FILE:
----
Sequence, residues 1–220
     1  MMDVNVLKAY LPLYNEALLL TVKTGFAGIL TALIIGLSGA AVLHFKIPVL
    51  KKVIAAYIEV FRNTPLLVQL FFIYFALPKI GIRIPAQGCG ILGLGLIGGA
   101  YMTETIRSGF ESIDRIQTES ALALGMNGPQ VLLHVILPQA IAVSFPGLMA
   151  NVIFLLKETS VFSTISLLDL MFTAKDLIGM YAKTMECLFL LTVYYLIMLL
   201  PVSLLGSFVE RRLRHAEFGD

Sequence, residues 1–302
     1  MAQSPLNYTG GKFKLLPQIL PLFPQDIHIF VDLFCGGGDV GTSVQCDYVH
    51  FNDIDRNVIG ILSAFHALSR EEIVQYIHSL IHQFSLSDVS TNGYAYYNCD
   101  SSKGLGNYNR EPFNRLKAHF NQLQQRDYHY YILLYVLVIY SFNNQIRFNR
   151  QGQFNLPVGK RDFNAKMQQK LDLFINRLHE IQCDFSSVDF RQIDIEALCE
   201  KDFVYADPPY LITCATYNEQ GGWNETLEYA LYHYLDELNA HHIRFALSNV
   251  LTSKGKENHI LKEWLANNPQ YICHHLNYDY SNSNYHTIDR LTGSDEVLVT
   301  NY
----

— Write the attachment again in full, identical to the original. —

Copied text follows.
Sequence, residues 1–220
     1  MMDVNVLKAY LPLYNEALLL TVKTGFAGIL TALIIGLSGA AVLHFKIPVL
    51  KKVIAAYIEV FRNTPLLVQL FFIYFALPKI GIRIPAQGCG ILGLGLIGGA
   101  YMTETIRSGF ESIDRIQTES ALALGMNGPQ VLLHVILPQA IAVSFPGLMA
   151  NVIFLLKETS VFSTISLLDL MFTAKDLIGM YAKTMECLFL LTVYYLIMLL
   201  PVSLLGSFVE RRLRHAEFGD

Sequence, residues 1–302
     1  MAQSPLNYTG GKFKLLPQIL PLFPQDIHIF VDLFCGGGDV GTSVQCDYVH
    51  FNDIDRNVIG ILSAFHALSR EEIVQYIHSL IHQFSLSDVS TNGYAYYNCD
   101  SSKGLGNYNR EPFNRLKAHF NQLQQRDYHY YILLYVLVIY SFNNQIRFNR
   151  QGQFNLPVGK RDFNAKMQQK LDLFINRLHE IQCDFSSVDF RQIDIEALCE
   201  KDFVYADPPY LITCATYNEQ GGWNETLEYA LYHYLDELNA HHIRFALSNV
   251  LTSKGKENHI LKEWLANNPQ YICHHLNYDY SNSNYHTIDR LTGSDEVLVT
   301  NY